Keeping Your Pets Healthy All Year Round
It’s been proven loving a cat or dog is good for you—make sure you’re returning the favor.
We love our pets so much, but are we doing everything we can to keep them healthy? Good nutrition, plenty of exercise, and preventive measures are the name of the game, say local animal experts. “The healthiest pets I see are usually mixed breeds, since purebreds tend to have weaker immune systems due to inbreeding,” says Stacey Joy Hershman DVM, CVH, CVA, a certified veterinary homeopath whose practice, Natural Vet for Pets P.C., is based in Hastings-on-Hudson. “So I do not over-vaccinate or use insecticidal chemicals year-round, especially on pedigree patients. For my own cats and dogs, and all my patients, I ask the pet guardians the lifestyle of their pets and recommend only the necessary vaccines or preventative treatment, using natural alternatives whenever possible.”
Dr. Hershman stresses the importance of proper diet to maintain optimal pet health. “Dogs and cats are carnivores and therefore have highly acidic GI and urinary tracts,” she says, noting that they require raw meat in their diets to maintain the proper pH and to prevent yeast and bacterial infections. “I recommend a raw-meat diet mixed with a high-quality canned food like PetGuard, without meat by-products, no artificial additives or preservatives, no soy or corn, which is not digested well and can be genetically modified.”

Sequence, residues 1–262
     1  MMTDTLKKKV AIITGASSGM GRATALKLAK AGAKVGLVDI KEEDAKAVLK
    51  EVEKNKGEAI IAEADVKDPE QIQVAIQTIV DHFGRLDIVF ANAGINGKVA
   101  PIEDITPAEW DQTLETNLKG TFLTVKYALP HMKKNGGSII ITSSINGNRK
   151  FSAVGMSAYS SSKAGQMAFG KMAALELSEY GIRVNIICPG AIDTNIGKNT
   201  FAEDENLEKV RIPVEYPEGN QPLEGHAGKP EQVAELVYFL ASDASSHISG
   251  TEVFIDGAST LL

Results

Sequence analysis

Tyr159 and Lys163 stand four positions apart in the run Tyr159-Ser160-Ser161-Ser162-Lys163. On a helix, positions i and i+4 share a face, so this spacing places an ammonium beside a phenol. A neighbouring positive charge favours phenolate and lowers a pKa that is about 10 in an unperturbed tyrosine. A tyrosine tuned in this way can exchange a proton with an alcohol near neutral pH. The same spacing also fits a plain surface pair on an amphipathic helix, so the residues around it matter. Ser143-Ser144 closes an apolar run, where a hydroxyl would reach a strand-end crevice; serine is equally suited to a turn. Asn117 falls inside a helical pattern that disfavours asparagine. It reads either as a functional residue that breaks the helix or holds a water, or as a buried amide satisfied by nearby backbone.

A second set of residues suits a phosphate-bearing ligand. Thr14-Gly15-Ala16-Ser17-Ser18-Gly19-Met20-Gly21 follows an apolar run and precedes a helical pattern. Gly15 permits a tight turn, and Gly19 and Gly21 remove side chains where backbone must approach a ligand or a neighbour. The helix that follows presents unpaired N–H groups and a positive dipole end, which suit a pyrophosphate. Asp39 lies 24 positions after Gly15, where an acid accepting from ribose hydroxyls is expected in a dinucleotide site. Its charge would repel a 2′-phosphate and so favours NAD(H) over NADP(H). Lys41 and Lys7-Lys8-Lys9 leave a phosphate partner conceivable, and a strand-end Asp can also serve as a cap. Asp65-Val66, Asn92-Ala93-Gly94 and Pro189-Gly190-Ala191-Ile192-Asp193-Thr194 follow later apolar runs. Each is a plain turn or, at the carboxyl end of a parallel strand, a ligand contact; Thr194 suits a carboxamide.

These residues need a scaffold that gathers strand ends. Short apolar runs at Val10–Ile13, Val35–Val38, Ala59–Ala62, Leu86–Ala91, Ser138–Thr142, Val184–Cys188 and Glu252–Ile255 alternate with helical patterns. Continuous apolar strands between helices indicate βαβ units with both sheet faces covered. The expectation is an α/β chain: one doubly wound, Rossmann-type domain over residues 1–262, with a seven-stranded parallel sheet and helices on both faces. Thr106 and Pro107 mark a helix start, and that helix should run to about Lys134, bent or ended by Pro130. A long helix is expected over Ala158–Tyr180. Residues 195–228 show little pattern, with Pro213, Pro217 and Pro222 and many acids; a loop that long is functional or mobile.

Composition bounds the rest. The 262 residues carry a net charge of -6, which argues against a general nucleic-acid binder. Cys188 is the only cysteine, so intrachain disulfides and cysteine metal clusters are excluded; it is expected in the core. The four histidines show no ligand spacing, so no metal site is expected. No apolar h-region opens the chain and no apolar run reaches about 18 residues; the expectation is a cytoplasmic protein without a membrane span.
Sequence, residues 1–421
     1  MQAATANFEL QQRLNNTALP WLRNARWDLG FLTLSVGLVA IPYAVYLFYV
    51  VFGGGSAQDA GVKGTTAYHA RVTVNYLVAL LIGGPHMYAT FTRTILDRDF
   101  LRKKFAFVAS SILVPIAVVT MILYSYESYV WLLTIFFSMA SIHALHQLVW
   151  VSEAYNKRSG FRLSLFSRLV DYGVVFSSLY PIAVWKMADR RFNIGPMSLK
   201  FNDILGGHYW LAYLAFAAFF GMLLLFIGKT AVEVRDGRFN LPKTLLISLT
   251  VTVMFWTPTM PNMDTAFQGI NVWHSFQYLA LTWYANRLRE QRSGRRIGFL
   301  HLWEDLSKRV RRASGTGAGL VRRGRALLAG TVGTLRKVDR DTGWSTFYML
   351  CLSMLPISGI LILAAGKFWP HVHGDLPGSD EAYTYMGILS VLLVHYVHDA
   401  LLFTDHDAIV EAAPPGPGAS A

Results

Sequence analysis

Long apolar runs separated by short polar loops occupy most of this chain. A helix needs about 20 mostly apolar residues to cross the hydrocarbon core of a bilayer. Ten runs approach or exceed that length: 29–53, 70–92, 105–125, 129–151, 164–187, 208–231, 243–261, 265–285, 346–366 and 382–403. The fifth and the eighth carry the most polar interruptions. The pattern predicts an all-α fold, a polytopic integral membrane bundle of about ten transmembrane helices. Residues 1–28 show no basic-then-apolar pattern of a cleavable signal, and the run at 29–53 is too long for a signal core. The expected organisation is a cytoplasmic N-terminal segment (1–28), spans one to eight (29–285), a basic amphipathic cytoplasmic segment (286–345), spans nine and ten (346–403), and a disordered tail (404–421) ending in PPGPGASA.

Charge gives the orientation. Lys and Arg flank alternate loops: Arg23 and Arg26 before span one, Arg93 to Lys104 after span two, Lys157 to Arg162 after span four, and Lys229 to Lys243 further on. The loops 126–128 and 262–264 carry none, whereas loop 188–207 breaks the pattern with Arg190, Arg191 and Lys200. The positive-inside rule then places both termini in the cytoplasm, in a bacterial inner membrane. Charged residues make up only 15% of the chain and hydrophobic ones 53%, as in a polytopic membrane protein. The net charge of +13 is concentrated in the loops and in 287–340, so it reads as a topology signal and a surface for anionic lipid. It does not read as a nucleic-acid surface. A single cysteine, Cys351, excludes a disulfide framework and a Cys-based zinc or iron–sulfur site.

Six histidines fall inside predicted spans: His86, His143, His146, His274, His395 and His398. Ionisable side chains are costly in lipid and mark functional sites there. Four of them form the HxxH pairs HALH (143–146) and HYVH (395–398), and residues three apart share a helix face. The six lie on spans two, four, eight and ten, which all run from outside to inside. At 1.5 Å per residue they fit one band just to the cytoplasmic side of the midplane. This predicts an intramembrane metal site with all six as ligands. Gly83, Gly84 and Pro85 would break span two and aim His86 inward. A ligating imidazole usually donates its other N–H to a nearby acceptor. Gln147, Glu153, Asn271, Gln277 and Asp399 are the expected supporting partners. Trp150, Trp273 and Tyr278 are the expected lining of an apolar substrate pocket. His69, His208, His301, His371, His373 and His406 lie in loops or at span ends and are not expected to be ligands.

Also, she says, “It is very important to protect your dog against certain viruses and diseases. Rabies vaccine is required every three years in healthy animals free of illness after the first puppy vaccine, which is only effective for one year. Ask your vet to run a simple blood test called an antibody titer to check for distemper and parvo antibodies in lieu of over-vaccination, since these are modified live vaccines that are usually effective for many years. Parasitic vaccines such as Lyme and lepto cause many negative reactions and are not very effective, and the majority of my dog patients have natural immunity to lyme disease.”
Knowing your pet is of the utmost importance, says Jennifer Panella, DVM, of the New Rochelle Humane Society. “I recommend knowing your pet’s habits and picking up on things when they’re unusual or wrong.” Annual vet visits are necessary, she says, even if your pet seems to be in fine health, because a variety of illnesses, injuries, and conditions “can happen unnoticed and manifest.”
Make sure your pet is not a couch potato, either. “Exercise is essential for both physical and mental health in our companions,” says Daniel Honovich, DVM, of Fine Animal Hospital in Bedford Hills. “In 2010, it was estimated that nearly 54 percent of all pets, 93 million, are overweight or obese. Obesity is one of the most commonly diagnosed diseases despite it being preventable. Proper diet, exercise, and veterinary care are key to maintaining a happy, healthy, and loving companion.”